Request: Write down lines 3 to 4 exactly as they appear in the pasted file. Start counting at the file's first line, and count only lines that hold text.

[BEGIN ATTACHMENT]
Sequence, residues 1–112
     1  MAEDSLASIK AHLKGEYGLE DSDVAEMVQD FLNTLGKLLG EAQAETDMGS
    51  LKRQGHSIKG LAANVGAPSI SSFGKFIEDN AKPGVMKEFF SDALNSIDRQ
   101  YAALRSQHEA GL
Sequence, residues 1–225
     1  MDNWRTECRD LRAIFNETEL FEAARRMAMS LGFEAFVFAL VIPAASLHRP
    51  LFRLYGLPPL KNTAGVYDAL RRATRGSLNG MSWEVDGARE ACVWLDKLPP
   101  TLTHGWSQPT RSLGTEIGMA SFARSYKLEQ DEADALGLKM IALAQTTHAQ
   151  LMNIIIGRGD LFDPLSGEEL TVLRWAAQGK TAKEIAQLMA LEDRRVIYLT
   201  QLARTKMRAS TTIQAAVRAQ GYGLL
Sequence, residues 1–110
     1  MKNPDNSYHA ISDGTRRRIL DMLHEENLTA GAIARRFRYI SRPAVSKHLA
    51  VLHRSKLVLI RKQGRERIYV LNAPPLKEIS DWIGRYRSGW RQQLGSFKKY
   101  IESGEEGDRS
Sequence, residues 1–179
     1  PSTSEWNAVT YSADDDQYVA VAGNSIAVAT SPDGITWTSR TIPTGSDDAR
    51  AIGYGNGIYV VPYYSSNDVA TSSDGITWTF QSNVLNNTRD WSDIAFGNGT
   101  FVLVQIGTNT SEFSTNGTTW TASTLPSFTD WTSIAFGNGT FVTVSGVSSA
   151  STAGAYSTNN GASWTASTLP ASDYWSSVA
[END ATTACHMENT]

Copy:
    51  LKRQGHSIKG LAANVGAPSI SSFGKFIEDN AKPGVMKEFF SDALNSIDRQ
   101  YAALRSQHEA GL